The alarm on my iPhone sounds like crickets.
For a moment, I heard them in the dream I was having. Then I crossed some foggy border and was awake. But just barely.
It was 6 a.m., which was early but not crazy-early. Still. It had been a rough night. Our infant son had been up four times, which meant that I had been up four times. All I wanted to do was to silence the damn crickets and go back to sleep. But I had an important run on tap — the final 20-miler before my marathon taper — and I’d promised Warren that I would meet him and Megan at his place at 7:00 to run the Hill Loop.
It was a test that every runner knows well: The figurative fork in the road. One path is easy, and leads to instant gratification; the other is harder, and doesn’t.
After a moment that felt like an hour, I pulled the covers off and planted my feet on the floor.
In a parallel universe, though, I stayed put. I turned my alarm off and texted Warren. “Rough night. Can’t run. Sorry.” Then I slid my phone onto the nightstand, rolled over, and burrowed under the covers.
In the real world, I pulled on running shorts, brushed my teeth, went downstairs to make coffee.
Parallel Universe Mark told himself that it was OK. He’d run later.
Real World Mark drove to Warren’s house and greeted Warren and Megan. They shuffled out of town, talking and laughing and trying not to think about the half-dozen stupid climbs coming over the next 13 or so miles.
Parallel Universe Mark slept.
Real World Mark slogged up Shimerville Road, the first big hill. He felt tired.
Parallel Universe Mark rolled over, and stirred. He felt groggy.
Real World Mark looked at his Garmin, and thought, Shit. This cannot be right. How have we only gone 6.4 miles? I’ll never make it. I should have stayed in bed.
Parallel Universe Mark heard his three-year-old daughter calling from her room. He sighed and got up.
Real World Mark heard a tractor rumbling up a hill, headed their way. It grew louder, and louder, and then it appeared. A blonde woman wearing shorts drove it. We all smiled and waved. The tractor pulled three low wagons filled with bushel baskets of peaches and apples.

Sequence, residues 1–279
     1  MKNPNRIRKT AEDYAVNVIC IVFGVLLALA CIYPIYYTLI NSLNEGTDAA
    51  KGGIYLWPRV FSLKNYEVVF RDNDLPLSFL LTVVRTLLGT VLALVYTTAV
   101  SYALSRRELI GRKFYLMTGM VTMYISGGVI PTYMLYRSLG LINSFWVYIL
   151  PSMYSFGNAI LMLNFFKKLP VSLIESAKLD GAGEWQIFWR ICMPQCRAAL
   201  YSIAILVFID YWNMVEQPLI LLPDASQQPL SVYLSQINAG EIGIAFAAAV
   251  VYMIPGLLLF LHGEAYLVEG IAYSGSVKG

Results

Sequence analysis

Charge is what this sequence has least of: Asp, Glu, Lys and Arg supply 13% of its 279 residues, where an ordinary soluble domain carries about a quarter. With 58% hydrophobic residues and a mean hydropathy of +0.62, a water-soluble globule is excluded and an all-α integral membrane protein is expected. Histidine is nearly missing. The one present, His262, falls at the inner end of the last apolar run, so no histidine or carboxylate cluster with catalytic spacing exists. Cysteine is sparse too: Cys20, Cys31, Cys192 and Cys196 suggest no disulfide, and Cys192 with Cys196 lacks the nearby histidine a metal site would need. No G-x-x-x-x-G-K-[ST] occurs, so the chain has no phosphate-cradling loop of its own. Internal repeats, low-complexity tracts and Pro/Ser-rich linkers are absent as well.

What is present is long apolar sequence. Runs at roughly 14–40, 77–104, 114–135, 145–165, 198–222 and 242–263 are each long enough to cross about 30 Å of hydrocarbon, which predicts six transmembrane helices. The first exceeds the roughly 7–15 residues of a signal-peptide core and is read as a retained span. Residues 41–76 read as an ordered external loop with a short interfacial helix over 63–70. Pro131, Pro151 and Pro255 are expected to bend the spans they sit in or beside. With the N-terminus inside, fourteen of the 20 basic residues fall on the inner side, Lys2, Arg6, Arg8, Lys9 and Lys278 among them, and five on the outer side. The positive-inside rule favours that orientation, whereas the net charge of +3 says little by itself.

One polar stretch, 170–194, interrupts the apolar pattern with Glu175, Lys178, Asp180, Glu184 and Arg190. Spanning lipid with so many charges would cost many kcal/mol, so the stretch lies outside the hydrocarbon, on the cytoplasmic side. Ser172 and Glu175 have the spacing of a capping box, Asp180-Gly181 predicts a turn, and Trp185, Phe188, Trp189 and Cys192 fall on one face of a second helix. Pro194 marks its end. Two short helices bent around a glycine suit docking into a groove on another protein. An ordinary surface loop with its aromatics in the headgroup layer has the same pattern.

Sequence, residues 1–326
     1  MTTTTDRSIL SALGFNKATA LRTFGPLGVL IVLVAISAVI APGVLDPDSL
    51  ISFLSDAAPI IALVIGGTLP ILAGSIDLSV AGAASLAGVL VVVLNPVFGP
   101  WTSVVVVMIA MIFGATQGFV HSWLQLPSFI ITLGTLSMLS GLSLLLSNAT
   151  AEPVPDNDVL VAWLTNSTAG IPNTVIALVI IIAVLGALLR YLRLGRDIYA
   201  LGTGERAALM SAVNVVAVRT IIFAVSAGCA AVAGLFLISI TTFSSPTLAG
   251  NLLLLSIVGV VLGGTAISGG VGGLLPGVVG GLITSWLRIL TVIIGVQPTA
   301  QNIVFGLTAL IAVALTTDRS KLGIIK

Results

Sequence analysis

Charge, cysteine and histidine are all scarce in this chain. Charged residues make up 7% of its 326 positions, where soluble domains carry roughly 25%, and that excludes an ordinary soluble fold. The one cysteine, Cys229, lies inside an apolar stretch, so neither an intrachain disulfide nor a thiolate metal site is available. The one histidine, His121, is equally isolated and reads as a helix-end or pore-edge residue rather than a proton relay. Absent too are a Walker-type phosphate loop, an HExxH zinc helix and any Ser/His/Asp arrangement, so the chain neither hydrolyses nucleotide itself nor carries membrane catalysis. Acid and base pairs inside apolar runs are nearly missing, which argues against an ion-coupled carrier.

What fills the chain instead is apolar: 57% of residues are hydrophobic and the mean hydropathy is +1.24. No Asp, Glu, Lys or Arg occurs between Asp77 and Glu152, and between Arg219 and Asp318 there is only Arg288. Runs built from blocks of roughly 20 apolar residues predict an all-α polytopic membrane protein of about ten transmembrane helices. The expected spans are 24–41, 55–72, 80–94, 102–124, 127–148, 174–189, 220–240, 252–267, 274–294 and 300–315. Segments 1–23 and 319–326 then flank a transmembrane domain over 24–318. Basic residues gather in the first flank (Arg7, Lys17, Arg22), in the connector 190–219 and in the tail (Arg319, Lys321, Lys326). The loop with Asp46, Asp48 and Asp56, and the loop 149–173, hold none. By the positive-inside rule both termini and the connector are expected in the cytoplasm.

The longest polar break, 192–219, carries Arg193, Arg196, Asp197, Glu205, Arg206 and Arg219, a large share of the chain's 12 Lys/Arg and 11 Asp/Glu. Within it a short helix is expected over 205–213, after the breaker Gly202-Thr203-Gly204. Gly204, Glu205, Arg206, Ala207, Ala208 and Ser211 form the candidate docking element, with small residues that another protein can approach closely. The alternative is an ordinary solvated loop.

Parallel Universe Mark had his first cup of coffee, and wondered how Warren and Megan were doing on their run.
Real World Mark looked over and saw the steeple of a distant church. It was the highest thing around. They would be running past it in another couple of miles.
Parallel Universe Mark let the dog out.
Real World Mark drank from the hose behind the church. The water was cool and tasted like gravel somehow. (Don’t ask Real World Mark how he knows what gravel tastes like.)
Parallel Universe Mark looked at the clock, and wondered when he would get his run in. It really was an important one today.
Real World Mark was up and over the final big climb. From here on in, it was flat. He would grab a cold Gatorade at Warren’s place and tack on another few miles to make 20. He knew the Gatorade would act as an elixir, helping him finish strong.
Parallel Universe Mark ate some cereal.
Real World Mark felt raindrops on his arms and face.
Parallel Universe Mark wondered how it was that extra sleep could actually make a guy feel more tired.
Real World Mark turned a corner at 18.25 miles, glanced at his Garmin again, and thought, Shit! This cannot be right. How am I doing 7:19 pace right now? He would go on to finish with two quick miles. Warren’s dog would lick the sweat from his legs as he stretched. The 20-miler was in the books, and now he had the rest of the day before him.
Real World Mark felt happy, and strong.
Parallel Universe Mark felt irritable, and weak.
Real World Mark told himself, “Remember this feeling, the next time you’re lying in bed and your alarm chirps at 6 a.m.”
Parallel Universe Mark told himself the very same thing.